Every lever of government must be part of making this agreement happen, particularly around how public and private finance supports or thwarts the transition. That includes mobilising public and private finance for developing countries, ending international government support for fossil fuel extraction.

As argued in our critique of the UK’s existing plan, provision of finance for developing countries for mitigation, adaptation as well as loss and damage — the three pillars of the Paris Agreement — on a scale and order of magnitude larger than is the case at present is crucial for planetary survival. It will also engender goodwill and enhance global mitigation ambition.

Miliband played a central role in the non-legally binding commitment developed countries made on finance at CoP 15 in Copenhagen in 2009. But that commitment was never acted on. It is crucial that his advice be taken seriously.

International support for fossil fuel extraction is exemplified by the ₤2 billion of fossil-fuel investments extended recently by PM Boris Johnson to Africa. Miliband has had a strong history of standing up to energy companies. One hopes that, making it his last stand during the 2015 general elections, he will act for the planet as aggressively as he did for British voters and power consumers.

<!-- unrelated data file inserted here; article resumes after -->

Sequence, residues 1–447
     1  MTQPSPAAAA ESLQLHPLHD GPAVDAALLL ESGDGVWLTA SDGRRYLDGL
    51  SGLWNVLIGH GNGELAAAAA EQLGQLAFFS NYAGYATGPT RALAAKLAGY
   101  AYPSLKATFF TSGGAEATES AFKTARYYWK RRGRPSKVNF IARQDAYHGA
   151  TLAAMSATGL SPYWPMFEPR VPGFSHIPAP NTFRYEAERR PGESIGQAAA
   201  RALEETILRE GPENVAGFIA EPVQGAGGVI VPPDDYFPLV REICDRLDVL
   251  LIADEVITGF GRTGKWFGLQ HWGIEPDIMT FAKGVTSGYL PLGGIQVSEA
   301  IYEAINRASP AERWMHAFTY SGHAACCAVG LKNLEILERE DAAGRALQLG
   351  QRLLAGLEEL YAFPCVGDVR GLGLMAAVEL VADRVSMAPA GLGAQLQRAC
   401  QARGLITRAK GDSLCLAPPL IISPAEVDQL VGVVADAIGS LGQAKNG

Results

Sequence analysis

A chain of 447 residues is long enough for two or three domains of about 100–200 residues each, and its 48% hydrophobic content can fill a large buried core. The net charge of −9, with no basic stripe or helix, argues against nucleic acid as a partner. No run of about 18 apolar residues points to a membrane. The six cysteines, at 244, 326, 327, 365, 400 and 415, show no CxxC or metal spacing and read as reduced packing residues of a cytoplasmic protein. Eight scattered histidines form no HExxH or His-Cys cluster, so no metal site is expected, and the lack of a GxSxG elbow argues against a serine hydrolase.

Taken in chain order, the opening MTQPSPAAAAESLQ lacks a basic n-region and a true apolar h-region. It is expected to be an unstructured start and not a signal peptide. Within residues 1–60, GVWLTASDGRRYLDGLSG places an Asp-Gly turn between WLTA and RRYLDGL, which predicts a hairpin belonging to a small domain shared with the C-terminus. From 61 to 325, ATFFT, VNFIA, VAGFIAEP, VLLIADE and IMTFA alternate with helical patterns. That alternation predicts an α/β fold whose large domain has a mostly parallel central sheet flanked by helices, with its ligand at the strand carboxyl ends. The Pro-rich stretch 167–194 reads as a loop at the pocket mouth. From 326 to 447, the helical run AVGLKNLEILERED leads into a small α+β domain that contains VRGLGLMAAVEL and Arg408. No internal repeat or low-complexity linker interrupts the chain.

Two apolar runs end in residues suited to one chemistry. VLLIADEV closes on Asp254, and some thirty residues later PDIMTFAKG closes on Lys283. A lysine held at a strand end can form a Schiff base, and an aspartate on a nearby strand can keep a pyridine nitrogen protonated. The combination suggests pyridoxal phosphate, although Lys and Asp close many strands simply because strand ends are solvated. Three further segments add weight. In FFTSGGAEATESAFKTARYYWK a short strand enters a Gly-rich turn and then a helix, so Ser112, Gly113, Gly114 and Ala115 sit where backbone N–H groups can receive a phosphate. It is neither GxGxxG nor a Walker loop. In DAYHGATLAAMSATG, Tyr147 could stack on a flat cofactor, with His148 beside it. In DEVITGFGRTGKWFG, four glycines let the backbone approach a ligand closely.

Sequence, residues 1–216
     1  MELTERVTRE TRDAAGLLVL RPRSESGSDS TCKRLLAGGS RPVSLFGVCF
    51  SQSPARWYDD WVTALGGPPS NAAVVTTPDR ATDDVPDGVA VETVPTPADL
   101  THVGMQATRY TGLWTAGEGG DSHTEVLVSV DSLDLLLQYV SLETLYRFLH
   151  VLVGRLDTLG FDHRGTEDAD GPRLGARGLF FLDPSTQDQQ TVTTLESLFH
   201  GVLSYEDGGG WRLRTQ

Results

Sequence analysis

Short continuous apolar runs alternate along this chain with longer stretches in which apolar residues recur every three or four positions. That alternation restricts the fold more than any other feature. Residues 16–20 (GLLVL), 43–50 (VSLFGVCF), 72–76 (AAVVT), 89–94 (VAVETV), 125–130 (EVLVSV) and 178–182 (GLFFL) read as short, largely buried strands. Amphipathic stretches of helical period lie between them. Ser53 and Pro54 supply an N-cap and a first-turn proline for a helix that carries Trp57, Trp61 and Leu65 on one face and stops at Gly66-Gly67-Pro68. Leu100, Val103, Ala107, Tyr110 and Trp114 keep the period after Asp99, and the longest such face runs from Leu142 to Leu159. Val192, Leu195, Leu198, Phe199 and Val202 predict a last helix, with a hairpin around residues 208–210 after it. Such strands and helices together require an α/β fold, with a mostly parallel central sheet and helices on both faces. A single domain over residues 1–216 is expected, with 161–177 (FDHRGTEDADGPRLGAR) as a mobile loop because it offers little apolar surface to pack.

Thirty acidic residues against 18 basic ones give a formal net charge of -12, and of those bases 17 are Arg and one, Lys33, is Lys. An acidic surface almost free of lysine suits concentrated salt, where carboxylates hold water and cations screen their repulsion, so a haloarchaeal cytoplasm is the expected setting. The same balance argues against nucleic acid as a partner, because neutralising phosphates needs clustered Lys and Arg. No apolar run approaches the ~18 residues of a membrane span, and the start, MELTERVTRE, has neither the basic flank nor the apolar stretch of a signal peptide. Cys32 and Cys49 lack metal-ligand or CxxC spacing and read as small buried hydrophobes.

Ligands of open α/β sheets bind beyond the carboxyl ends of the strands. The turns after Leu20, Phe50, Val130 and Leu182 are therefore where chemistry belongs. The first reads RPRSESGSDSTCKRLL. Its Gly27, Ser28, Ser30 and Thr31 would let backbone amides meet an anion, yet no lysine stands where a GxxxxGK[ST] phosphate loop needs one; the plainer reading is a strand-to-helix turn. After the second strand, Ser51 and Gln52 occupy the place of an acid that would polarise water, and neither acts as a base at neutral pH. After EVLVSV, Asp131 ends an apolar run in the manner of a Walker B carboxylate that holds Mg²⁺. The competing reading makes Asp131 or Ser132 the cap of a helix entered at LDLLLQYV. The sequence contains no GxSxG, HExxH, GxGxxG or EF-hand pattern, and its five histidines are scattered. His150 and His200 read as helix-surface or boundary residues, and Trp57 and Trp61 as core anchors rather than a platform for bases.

Over and above actions by national governments, Glasgow must power forward coalitions of states, cities, businesses and civil society.

In the United States, democratic presidential hopeful Michael Bloomberg released his climate plan in Madrid. It bases itself exclusively on non-state and sub-national action, pushing the myth that the action by cities, states and businesses could deliver on America’s pledge despite the federal withdrawal from Paris.

This was one of the three key myths about US emissions shattered by a recent study by the New Delhi-based non-profit Centre for Science and Environment.

Nevertheless, a focus on “cities, states and businesses” to the almost active detriment of enhancing national ambition is key to the UK’s CoP 26 Glasgow Action Plan. It is welcome that a politician understands non-state action for what it is. A crucial bonus over national commitments rather than a substitute, as UNEP has powerfully argued.

DTE playfully suggested that a leading woman climate advocate from a developing country be appointed CoP President, with environmentalist George Monbiot her deputy. Miliband couldn’t be further from such a choice, as a male politician with a generalist education and experience.

Nevertheless, as energy and climate change minister, he piloted the UK’s globally pioneering Climate Change Act (2008), which enabled Britain to quickly become the first G7 country to adopt net-zero legislation last year by passing a mere four-word amendment. 

Given the closer alignment of his views with the developing country agenda, as well as his understanding of strategies to elicit ambition from other countries, Miliband may be a good compromise choice.

A full endorsement is not possible without a clarification of his stand on carbon markets, which have derailed the global climate agenda at CoP after CoP over the last few years and promise to do so again at Glasgow.

DTE will still emphasise that he be supported by a team of deputies, diverse in ethnicity, nationality, gender, and discipline of expertise. For combating climate change is about participatory global deliberation and action in which the UK must understand it merely plays a guiding role.